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Science PopWrapped | Science

Cambridge Archaeologists Discover One Of The Oldest Wheels In Britain

Sammi Silber | PopWrapped Author

Sammi Silber

02/24/2016 8:17 am
PopWrapped | Science
Cambridge Archaeologists Discover One Of The Oldest Wheels In Britain | Cambridge
Media Courtesy of Cambridge Archaeological Unit

The wheel has been around since prehistoric times. We all know the stories about the cavemen with the wheel and how that simple invention back then revolutionized the entire world, sparking industrialization and more.

Now, there has been a huge discovery surrounding the wheel in Britain. A recent archaeological dig by Cambridge archaeologists revealed a 3,000 year-old wheel, located at Must Farm in Cambridgeshire.

Experts say that the wheel is thought to date back to between 1100-800 BC, dating all the way back to the Bronze Age. Cambridgeshire is also know as "Britain's Pompeii," considering the area faced a lot of damage thanks to fires, and many of the artifacts have fallen into a river. However, this was a discovery made on dry land.

"The discovery of the wheel demonstrates the inhabitants of this watery landscapes links to the dry land beyond the river," archeological manager David Gibson told Historic England.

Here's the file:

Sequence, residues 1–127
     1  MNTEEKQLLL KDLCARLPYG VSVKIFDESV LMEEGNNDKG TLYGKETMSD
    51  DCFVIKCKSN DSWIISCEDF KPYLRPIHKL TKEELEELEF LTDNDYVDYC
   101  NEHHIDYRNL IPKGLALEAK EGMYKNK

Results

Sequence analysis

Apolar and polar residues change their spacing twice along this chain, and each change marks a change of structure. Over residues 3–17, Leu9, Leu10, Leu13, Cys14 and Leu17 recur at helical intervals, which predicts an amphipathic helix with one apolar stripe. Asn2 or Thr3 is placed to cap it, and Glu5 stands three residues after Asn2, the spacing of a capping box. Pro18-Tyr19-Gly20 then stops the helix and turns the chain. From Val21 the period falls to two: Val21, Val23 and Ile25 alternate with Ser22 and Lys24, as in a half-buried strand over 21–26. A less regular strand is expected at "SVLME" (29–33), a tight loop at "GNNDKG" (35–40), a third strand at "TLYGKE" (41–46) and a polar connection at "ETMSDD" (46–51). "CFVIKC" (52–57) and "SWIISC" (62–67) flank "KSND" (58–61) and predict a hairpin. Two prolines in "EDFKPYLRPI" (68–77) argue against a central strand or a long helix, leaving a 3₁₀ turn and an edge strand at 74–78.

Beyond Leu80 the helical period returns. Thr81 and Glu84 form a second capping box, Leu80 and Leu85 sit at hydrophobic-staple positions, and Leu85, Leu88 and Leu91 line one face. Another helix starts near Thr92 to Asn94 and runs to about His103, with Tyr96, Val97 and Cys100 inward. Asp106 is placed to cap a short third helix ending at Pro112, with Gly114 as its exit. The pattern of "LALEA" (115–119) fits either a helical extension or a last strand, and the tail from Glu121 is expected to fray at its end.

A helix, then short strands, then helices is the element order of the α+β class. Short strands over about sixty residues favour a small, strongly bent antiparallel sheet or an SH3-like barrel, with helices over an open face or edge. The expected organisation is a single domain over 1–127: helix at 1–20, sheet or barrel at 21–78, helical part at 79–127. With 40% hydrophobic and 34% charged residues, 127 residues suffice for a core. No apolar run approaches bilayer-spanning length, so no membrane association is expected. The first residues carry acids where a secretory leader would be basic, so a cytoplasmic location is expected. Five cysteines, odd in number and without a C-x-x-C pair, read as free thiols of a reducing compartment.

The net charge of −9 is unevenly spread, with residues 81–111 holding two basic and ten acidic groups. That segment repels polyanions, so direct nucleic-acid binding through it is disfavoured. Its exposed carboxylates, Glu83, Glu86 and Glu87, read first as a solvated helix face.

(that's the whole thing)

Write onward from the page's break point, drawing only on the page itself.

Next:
This is not the only recent discovery made recently by the group. The Cambridge Archaeological Unit also found collapsed homes on the same exact site, also dating back to the Bronze Age.

Despite the $1.5 million cost, the project has been successful in its objective of uncovering the past. They received the money from Historic England and Forterra funding and, since then, have made great advances in discovering artifacts from history -- s

o many historical advances, in fact, that they are receiving nothing but praise from historical companies within Britain.

"This remarkable but fragile wooden wheel is the earliest complete example ever found in Britain," Duncan Wilson, chief executive of Historic England, said.

The wheel is one meter in diameter. It is in such excellent condition that the axle of the wheel is even still contained.

"We can tell these people were thriving," Mark Knight, site director of the excavation dig, told the media. "They were not bog dwellers nor were they on the edge of their world, they were at the center of it."

The findings will eventually be publicly displayed.


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